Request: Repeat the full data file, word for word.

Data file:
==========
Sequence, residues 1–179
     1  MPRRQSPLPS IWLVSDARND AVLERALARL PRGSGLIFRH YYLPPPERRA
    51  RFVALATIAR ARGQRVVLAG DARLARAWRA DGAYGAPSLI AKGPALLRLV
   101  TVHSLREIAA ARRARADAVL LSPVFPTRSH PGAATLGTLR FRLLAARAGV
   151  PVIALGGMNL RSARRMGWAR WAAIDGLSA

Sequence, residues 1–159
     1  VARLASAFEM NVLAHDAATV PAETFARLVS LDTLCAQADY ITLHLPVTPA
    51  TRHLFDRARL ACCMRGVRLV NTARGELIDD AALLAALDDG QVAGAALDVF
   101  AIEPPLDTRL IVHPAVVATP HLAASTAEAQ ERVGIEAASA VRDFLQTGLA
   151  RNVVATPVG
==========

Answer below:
Sequence, residues 1–179
     1  MPRRQSPLPS IWLVSDARND AVLERALARL PRGSGLIFRH YYLPPPERRA
    51  RFVALATIAR ARGQRVVLAG DARLARAWRA DGAYGAPSLI AKGPALLRLV
   101  TVHSLREIAA ARRARADAVL LSPVFPTRSH PGAATLGTLR FRLLAARAGV
   151  PVIALGGMNL RSARRMGWAR WAAIDGLSA

Sequence, residues 1–159
     1  VARLASAFEM NVLAHDAATV PAETFARLVS LDTLCAQADY ITLHLPVTPA
    51  TRHLFDRARL ACCMRGVRLV NTARGELIDD AALLAALDDG QVAGAALDVF
   101  AIEPPLDTRL IVHPAVVATP HLAASTAEAQ ERVGIEAASA VRDFLQTGLA
   151  RNVVATPVG